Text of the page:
Chess by Stefan Zweig (Review)

Chess by Stefan Zweig


On a cruise ship bound for Buenos Aires, a wealthy passenger challenges the world chess champion to a match. He accepts with a sneer. He will beat anyone, he says. But only if the stakes are high. Soon, the chess board is surrounded. At first, the challenger crumbles before the mind of the master. But then, a soft-spoken voice from the crowd begins to whisper nervous suggestions. Perfect moves, brilliant predictions. The speaker has not played a game for more than twenty years, he says. He is wholly unknown. But somehow, he is also entirely formidable


Well this book was very much a wild card for me. I spotted this book hidden on a bookshelf of much bigger books whilst on holiday in Hay on Wye and although I had never heard of the author I felt drawn to the story. At only 76 pages this book was a quick read for me that I completed in one sitting and it was an interesting read.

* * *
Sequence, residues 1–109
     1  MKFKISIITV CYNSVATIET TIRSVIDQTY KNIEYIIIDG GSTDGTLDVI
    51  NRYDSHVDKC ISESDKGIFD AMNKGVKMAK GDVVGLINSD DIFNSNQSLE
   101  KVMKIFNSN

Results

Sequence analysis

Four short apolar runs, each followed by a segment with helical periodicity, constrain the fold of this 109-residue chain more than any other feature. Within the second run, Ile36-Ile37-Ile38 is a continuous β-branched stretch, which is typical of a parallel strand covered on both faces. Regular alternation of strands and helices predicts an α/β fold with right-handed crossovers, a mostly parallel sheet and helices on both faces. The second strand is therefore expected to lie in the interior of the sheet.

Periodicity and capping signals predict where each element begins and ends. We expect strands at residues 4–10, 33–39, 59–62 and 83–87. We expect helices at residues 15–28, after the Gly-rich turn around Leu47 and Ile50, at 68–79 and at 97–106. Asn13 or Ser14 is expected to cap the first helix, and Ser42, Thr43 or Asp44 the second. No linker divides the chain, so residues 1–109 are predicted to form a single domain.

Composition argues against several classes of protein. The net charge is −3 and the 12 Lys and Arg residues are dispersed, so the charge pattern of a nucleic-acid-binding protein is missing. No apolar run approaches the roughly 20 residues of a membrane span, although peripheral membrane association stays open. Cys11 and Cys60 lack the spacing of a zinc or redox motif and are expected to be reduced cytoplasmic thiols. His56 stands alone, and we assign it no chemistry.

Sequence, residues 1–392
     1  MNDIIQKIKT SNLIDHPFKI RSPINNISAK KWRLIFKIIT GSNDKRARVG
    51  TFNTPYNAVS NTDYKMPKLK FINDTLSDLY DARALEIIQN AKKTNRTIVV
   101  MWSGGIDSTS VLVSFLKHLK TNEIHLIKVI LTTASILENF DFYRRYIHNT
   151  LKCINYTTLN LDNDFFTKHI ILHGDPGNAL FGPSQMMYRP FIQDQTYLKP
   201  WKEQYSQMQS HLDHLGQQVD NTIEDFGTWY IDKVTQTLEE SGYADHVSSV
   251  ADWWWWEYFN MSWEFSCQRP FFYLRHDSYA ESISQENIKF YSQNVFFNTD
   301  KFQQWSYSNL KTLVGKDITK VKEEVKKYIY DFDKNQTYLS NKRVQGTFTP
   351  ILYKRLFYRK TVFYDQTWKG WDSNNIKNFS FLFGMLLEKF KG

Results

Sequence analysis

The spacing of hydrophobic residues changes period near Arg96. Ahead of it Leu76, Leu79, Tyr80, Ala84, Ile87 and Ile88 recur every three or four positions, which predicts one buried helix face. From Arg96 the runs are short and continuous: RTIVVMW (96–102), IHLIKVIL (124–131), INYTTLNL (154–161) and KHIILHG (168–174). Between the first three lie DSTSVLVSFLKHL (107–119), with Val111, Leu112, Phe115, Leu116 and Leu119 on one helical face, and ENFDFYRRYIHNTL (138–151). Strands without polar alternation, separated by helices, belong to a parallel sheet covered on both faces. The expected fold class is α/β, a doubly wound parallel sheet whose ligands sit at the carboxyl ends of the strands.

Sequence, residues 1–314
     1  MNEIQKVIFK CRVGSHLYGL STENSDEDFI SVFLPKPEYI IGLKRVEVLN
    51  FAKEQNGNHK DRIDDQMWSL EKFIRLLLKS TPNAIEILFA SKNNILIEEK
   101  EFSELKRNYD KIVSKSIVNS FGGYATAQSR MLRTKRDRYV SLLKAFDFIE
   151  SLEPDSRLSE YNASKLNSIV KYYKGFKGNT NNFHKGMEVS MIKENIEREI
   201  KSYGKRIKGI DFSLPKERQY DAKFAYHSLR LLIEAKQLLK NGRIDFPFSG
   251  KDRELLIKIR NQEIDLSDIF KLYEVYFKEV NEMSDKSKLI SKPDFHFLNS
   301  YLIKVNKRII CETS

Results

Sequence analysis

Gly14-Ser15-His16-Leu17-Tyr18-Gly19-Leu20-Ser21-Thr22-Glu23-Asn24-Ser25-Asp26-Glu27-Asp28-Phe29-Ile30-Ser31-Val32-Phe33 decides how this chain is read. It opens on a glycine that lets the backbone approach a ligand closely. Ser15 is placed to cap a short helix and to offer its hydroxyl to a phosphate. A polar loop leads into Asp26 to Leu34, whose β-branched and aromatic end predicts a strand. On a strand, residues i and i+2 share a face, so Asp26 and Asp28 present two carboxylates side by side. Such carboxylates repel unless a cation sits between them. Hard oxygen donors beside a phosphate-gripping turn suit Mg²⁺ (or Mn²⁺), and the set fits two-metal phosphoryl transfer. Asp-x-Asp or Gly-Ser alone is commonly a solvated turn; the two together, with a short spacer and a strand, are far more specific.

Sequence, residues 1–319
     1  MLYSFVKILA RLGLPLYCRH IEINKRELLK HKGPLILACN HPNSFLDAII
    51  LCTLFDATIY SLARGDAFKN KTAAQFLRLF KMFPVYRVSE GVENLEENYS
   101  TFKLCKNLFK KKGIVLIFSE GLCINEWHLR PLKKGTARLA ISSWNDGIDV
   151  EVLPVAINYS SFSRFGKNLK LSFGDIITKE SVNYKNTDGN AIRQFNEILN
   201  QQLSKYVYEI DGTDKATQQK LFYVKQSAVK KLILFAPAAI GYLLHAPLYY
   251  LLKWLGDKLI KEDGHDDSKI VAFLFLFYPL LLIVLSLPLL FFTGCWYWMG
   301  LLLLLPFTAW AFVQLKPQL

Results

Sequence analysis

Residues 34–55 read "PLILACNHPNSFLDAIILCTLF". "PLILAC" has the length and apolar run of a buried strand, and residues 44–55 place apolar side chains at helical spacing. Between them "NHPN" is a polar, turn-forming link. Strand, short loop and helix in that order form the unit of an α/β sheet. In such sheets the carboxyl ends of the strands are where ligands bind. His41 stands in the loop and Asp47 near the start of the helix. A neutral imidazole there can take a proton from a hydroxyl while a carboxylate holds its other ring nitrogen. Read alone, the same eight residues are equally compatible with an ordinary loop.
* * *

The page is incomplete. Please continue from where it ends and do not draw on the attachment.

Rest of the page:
The narrator of the book is an Austrian who is on the cruise ship bound for Buenos Aires. The cruise ship also has on board a world famous chess player called Czentovic who will happily play a game of chess if the money is right. The narrator tells us of how Czentovic is challenged by a wealthy man and so the game of chess begins. However, just as it looks like Czentovic has won, a stranger lends some helpful advice to the wealthy man. After that the narrator finds out all about the stranger and why he is so good at chess.

This short story is beautifully written and is concise and just the right length. I sometimes find that a short story feels rushed and leaves you wanting a longer story but this one is paced perfectly and leaves you satisfied you have read a short story with no details missing. I really enjoyed this story and I plan on reading more books by Zweig. I give this book 4 out of 5 Dragons.


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About the author

Stefan Zweig was one of the world’s most famous writers during the 1920s and 1930s, especially in the U.S., South America, and Europe. He produced novels, plays, biographies, and journalist pieces. Among his most famous works are Beware of Pity, Letter from an Unknown Woman, and Mary, Queen of Scotland and the Isles. He and his second wife committed suicide in 1942.

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